- The Washington Times - Tuesday, January 20, 2004

Too angry

“Iowa Democrats decided Howard Dean was simply too angry, too liberal and too gaffe-prone to be trusted with his party’s presidential nomination,” Des Moines Register political columnist David Yepsen writes.

“Early in the race, they liked his opposition to the Iraq war and thought Dean would be able to attract enough new people into the process to win. But as the campaign wore on, the war faded as a front-burner issue and he plateaued after the arrest of former Iraqi President Saddam Hussein,” Mr. Yepsen said.

“As Dean’s political shortcomings became more evident, Iowa Democrats … began having buyer’s remorse. Dean’s organization was the best ever built in Iowa, but it couldn’t make up for the shortcomings of the candidate and the limitations of his message.”

Slanted polling

An unnamed but “seasoned Republican analyst” sent blogger Andrew Sullivan (www.andrewsullivan.com) the following explanation for what Mr. Sullivan called “the somewhat dismal polling for the president” in Sunday’s New York Times:

“In the most recent Gallup poll, the party ID was 37 percent GOP and 37 percent Democratic. In the AP/Ipsos poll, the party ID was 42 percent GOP and 45 percent Democratic. And in the CBS/NYT poll on Sunday, the party ID was 34 percent GOP and 47 percent Democratic. Is it any wonder the numbers were what they were? This is more evidence, in my judgment, why you shouldn’t trust the NYT polls. (In their last poll, the NYT had a 10-point advantage for Democrats in the party ID.)”

Said Mr. Sullivan: “That strikes me as a pretty devastating indictment of the polling at the New York Times. Is the skewing deliberate? The Washington Post poll [yesterday] shows some similar down-draft on domestic policies, but is far more favorable to Bush than the NYT’s analysis. Can we even trust the NYT polls any more?”

Vanishing voters

“One of Howard Dean’s selling points is that his campaign attracts a lot of people who do not participate in politics,” David Hogberg writes at National Review Online (www.nationalreview.com).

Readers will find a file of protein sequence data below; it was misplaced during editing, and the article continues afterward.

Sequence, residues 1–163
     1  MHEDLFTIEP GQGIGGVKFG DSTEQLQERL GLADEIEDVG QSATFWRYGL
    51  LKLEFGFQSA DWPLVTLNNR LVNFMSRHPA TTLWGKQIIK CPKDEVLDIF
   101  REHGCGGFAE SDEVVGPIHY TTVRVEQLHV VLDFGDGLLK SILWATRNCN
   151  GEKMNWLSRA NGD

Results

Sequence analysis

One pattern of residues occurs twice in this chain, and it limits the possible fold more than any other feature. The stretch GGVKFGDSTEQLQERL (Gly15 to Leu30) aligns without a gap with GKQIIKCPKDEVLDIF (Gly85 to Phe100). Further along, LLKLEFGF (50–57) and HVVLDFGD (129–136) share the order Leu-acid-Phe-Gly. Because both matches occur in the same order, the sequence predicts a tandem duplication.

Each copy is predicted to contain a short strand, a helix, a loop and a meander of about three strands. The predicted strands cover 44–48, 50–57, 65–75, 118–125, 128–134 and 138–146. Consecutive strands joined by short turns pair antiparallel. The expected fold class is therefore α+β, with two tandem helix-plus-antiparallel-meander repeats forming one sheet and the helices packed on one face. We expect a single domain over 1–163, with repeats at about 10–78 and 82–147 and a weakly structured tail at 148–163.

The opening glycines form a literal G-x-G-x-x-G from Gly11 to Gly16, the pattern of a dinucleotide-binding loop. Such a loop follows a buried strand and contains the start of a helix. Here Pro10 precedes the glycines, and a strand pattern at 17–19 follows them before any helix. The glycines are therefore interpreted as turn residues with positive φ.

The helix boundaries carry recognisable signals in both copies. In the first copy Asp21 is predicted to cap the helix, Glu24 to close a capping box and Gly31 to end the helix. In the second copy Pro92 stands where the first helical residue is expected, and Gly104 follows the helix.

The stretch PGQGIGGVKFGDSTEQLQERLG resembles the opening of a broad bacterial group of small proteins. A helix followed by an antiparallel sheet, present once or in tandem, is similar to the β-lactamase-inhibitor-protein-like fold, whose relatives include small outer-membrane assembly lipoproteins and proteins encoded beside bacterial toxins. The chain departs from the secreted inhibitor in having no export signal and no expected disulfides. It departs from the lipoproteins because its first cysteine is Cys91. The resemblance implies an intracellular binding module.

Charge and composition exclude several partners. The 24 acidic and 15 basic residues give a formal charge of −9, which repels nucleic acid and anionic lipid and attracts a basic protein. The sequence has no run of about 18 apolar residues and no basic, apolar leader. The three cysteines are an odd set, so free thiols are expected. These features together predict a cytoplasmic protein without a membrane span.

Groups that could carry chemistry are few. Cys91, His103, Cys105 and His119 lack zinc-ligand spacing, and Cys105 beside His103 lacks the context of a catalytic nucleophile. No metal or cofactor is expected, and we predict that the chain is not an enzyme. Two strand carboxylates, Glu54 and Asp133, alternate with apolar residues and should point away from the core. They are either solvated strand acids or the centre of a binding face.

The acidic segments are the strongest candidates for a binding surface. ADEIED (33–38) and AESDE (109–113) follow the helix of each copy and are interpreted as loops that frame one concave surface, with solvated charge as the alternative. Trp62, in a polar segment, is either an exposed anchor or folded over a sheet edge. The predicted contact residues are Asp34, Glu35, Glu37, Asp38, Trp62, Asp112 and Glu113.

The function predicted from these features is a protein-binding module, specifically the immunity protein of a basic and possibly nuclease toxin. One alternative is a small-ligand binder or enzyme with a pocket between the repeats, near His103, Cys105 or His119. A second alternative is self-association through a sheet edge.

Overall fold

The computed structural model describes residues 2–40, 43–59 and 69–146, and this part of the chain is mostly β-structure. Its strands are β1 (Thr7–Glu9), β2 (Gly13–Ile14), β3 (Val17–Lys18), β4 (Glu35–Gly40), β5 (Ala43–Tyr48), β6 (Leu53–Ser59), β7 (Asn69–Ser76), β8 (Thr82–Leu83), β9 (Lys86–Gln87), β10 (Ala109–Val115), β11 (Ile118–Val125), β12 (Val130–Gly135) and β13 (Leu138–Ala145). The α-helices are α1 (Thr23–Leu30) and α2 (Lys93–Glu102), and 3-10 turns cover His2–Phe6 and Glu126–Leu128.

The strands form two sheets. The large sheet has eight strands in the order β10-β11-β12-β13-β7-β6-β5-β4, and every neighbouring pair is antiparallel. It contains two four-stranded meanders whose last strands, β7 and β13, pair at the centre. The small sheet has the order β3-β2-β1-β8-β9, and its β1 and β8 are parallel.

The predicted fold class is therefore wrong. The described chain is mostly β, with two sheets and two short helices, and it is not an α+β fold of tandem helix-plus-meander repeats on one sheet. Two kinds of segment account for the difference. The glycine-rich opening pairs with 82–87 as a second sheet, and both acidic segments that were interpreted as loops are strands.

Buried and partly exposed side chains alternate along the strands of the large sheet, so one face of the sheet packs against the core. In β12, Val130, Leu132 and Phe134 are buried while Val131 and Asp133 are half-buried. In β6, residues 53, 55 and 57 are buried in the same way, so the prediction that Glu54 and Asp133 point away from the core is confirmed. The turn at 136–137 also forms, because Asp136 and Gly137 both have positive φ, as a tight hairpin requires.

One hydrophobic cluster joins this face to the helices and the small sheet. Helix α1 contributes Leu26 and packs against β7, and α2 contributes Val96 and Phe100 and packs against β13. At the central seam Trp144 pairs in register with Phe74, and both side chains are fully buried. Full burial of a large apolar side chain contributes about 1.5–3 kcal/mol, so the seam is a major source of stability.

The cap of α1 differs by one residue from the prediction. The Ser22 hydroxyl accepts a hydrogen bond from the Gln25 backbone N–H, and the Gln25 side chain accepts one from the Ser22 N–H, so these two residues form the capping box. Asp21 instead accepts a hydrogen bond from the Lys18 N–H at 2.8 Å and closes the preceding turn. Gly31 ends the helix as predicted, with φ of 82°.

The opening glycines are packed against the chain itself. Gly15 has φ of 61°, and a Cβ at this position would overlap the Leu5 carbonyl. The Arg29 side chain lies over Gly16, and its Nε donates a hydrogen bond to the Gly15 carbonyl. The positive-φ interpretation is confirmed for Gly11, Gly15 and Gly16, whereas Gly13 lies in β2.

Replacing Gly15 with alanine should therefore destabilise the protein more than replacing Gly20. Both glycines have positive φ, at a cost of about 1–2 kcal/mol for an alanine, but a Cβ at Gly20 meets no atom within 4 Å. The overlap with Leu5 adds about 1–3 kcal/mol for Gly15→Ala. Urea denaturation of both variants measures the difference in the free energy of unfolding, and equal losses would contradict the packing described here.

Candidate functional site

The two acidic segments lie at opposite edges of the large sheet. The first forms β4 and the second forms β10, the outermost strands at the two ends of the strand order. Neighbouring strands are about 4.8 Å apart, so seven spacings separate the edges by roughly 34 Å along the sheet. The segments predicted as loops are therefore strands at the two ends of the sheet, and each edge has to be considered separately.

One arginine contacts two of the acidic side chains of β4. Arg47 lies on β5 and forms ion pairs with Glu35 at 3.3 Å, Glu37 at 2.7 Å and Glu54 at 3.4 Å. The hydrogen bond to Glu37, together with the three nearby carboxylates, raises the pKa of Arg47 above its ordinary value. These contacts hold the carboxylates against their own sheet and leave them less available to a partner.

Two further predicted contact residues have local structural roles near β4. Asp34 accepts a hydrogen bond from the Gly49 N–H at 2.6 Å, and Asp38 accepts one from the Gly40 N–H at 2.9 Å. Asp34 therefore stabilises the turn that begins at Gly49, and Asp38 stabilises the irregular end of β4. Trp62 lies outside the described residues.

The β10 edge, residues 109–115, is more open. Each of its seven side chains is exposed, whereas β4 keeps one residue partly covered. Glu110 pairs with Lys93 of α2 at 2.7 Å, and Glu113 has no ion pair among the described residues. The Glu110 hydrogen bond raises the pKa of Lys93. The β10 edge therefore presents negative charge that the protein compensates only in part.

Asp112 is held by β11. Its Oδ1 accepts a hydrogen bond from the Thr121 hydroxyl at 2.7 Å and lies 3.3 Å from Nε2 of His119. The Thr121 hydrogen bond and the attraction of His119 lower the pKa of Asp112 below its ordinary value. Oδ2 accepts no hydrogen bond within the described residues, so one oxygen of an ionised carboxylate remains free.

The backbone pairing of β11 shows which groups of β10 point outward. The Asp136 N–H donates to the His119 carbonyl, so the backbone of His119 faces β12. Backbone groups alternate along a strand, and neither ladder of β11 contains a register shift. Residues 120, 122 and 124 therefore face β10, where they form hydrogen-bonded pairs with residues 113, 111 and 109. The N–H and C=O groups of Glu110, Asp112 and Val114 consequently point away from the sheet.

“Indeed, this is crucial to Dean’s general-election strategy. ‘We’re not gonna beat George Bush by being Bush-lite,’ Dean proclaims. ‘The way to beat George Bush is to give the 50 percent of Americans who quit voting because they can’t tell the difference between the Democratic Party and the Republican Party, give them a reason to vote again. And that’s how we’re gonna beat George Bush. We’re gonna go out and bring new people to this process.’ Dean claims that the campaign is already attracting these new people in droves: ‘A quarter of all the people who donate money to our campaign are under 30 years old.’

“Yet some of the evidence behind this claim is shaky,” Mr. Hogberg said. “After the discovery two weeks ago of Dean’s four-year-old comments criticizing the Iowa caucuses, he released a damage-control statement. Dean explained, ‘Just the other day, I was in Muscatine, where nearly 50 percent of those gathered either had never been to a caucus before or were not even registered to vote; but they were there because they believed we can change things,’ referring to a January 7 pancake breakfast at an American Legion post in eastern Iowa. While there were a few people under 30 in attendance, the room was dominated with folks over age 50 — i.e., those from the age demographic with the highest rates of voter participation, not to mention high rates of Iowa-caucus participation. …